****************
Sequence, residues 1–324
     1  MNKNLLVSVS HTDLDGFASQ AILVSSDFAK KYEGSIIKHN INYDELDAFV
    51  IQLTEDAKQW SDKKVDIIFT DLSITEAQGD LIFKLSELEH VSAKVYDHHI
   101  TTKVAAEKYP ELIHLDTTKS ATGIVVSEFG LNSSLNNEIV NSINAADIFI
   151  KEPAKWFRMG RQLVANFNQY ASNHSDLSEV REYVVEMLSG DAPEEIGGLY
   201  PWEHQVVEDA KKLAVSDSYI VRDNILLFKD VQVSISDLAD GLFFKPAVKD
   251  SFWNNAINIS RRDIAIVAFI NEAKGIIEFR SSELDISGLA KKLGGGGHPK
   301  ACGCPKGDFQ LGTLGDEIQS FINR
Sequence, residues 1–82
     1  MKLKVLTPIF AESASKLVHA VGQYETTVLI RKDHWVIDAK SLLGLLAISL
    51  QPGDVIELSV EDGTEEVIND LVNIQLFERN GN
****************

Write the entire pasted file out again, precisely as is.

Sequence, residues 1–324
     1  MNKNLLVSVS HTDLDGFASQ AILVSSDFAK KYEGSIIKHN INYDELDAFV
    51  IQLTEDAKQW SDKKVDIIFT DLSITEAQGD LIFKLSELEH VSAKVYDHHI
   101  TTKVAAEKYP ELIHLDTTKS ATGIVVSEFG LNSSLNNEIV NSINAADIFI
   151  KEPAKWFRMG RQLVANFNQY ASNHSDLSEV REYVVEMLSG DAPEEIGGLY
   201  PWEHQVVEDA KKLAVSDSYI VRDNILLFKD VQVSISDLAD GLFFKPAVKD
   251  SFWNNAINIS RRDIAIVAFI NEAKGIIEFR SSELDISGLA KKLGGGGHPK
   301  ACGCPKGDFQ LGTLGDEIQS FINR
Sequence, residues 1–82
     1  MKLKVLTPIF AESASKLVHA VGQYETTVLI RKDHWVIDAK SLLGLLAISL
    51  QPGDVIELSV EDGTEEVIND LVNIQLFERN GN